Right now, you won’t see Fred Couples tee it up at Chambers Bay next week in the U.S. Open, but the USGA could change that by issuing a rare special exemption.

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This paradise that we call home will be on full display next week when the world comes to Chambers Bay for the U.S. Open.

Each round will be like a postcard to the masses, with the televised visuals of the Puget Sound sure to sparkle through the screen.


But, as of now, one of our area’s natural golf wonders will be nowhere to be seen. This is Fred Couples’ town, yet Couples at the moment is shut out of the 156-man field.

Here’s hoping the USGA does the right thing and gives Couples a special exemption into the field.

That’s not likely — these last-resort exemptions are treated as if they were the Hope Diamond, something to be speculated about but very rarely seen. One person familiar with the process told me Tuesday, “Absent some unbelievable circumstances, they really don’t do it.”

As far as I can tell, the most recent one was bestowed in 2010 on Tom Watson to allow him into the U.S. Open at Pebble Beach. That was Watson’s fifth special exemption, but the first one issued by the USGA since giving one to Nick Price in 2005.

It seems to me that Couples, as a native son of Seattle and a lifelong ambassador of the sport, is the perfect candidate to break that drought. One can’t overestimate how popular he remains among the golfing public here, and how rapturous would be his reception from the gallery all week long.

It would be the final, heartwarming piece of a painstaking process that has been under way since Chambers Bay was awarded the U.S. Open way back in 2008. The work done by the organizers has been, by all accounts, exemplary. Now they can add a little burst of joy to the mix.

Couples is 55 now and encumbered by a balky back that has limited his playing opportunities. In fact, his final route to play himself into the field was eliminated Monday when he had to withdraw from the 36-hole sectional qualifier in Newport Beach, Calif.

But I’d bet that Couples, a member of the World Golf Hall of Fame and the 1992 Masters champion, would find a way in the next week to get himself physically ready to play one round a day, not two. He’s already scheduled to come to town that weekend for a First Tee Gala at the downtown Sheraton, where he and Steve Ballmer are the featured speakers.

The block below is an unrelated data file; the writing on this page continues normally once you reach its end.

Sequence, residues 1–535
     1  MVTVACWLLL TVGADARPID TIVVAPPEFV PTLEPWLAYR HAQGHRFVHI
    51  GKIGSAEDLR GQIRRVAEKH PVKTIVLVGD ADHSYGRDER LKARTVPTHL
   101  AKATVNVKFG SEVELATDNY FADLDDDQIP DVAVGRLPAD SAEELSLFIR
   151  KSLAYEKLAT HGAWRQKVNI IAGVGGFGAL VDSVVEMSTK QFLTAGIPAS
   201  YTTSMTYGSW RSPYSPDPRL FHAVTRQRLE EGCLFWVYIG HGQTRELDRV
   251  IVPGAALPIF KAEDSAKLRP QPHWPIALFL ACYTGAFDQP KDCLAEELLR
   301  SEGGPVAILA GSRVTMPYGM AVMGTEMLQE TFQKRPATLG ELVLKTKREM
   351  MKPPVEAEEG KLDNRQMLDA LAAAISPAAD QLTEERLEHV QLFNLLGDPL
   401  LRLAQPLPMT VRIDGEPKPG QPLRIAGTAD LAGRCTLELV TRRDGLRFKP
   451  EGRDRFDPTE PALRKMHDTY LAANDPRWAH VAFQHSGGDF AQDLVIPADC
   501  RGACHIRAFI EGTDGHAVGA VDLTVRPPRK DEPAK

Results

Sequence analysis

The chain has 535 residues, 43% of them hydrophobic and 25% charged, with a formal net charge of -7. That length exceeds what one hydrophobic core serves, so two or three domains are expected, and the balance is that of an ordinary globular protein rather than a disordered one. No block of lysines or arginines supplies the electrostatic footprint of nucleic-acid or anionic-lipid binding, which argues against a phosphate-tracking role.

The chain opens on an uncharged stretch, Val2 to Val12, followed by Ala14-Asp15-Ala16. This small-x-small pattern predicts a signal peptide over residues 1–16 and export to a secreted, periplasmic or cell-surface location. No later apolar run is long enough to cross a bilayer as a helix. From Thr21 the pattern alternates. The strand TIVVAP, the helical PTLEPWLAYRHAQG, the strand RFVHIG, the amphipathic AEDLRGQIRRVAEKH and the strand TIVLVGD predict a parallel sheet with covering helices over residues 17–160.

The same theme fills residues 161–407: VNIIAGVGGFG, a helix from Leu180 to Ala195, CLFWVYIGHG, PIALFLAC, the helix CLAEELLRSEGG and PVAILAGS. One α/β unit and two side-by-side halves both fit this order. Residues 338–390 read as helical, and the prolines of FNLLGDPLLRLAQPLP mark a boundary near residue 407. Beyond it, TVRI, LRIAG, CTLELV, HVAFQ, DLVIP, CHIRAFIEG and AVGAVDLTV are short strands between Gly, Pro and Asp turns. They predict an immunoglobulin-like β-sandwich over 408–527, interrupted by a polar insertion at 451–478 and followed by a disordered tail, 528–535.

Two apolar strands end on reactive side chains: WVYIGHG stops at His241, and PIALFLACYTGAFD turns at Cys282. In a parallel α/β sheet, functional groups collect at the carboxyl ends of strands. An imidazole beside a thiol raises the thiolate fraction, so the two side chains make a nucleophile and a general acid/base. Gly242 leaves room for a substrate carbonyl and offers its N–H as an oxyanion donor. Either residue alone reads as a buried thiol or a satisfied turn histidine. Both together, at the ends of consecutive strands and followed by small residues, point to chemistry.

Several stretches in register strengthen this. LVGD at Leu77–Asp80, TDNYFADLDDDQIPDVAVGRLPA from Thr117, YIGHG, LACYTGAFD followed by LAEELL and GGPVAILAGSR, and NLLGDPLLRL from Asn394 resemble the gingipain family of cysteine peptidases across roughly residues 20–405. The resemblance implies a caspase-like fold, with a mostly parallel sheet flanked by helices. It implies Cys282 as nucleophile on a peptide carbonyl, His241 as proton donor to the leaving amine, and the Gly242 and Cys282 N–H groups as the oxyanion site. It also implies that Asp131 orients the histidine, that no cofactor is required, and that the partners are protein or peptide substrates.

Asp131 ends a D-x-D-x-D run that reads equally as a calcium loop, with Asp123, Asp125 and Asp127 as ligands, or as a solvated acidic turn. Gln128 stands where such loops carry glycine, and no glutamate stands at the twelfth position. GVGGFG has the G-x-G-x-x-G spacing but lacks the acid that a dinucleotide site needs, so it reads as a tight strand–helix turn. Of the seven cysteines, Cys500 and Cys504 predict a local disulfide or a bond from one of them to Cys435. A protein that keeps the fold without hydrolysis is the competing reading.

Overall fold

Let’s put golf at Chambers Bay on Couples’ agenda, too. Everyone knows the story of how Couples grew up on Beacon Hill, attended O’Dea High School and developed his swing on the Jefferson Park course, where legend has it he would sneak in through a hole in the fence on the fourth hole.

Couples hasn’t actually lived in Seattle since he went off to college at the University of Houston. But he remains an avid follower of our sports teams and is still regarded as the greatest, and most popular, golfer to emerge from this region.

There’s always been something endearing about Couples. It goes beyond the sheer power that earned him the nickname “Boom Boom.” It goes beyond, even, his glittering resume, which includes 15 PGA Tour victories and 11 on the Champions Tour, including the Senior Players Championship in 2011 and the Senior British Open in 2012.

Rick Reilly once wrote of Couples in Sports Illustrated, likening his appeal to that of chocolate: “Nearly everybody likes him, and most people like him a lot.”

There is an every-man quality to Couples. He exudes cool but does so in an unforced manner. I’ve heard him compared with The Fonz in his appeal to both men and women.

Craig Strand of Puyallup is one of Couples’ admirers. About a month ago, he started a Facebook page devoted to getting Couples a special exemption into Chambers Bay.

“Fred has always been kind of the poster child for golf to me,’’ Strand said. “He’s such a likable figure for the game, like the golden boy for golf. Gosh, if the USGA just offered one exemption, he’d be the one out of anybody to deserve it.”

At age 32, Strand admires local contemporaries such as Ryan Moore and Michael Putnam, against whom he played junior golf. But Couples is the one who resonates the most powerfully for him.

“If Freddie were to play, there would be more of an excitement and roar around the area,’’ he said. “To continue hosting majors, we have to have that one golfer every generation can relate to. From my father’s age on down, that has always been Freddie.”

Six openings remain in the U.S. Open field, some of which are reserved for any golfer who moves into the top 60 in the world rankings as of next Monday who weren’t there May 25 and aren’t already in the field.

It’s not expected that all those six spots will be filled in that manner, however. That would leave a few berths for alternates from Monday’s various sectional qualifiers. Or just maybe, for the USGA to pull a special exemption out of its vault.

In what sets up as a feel-good week for Northwest golf, nothing would make this region feel better than to bring Fred Couples into the U.S. Open field.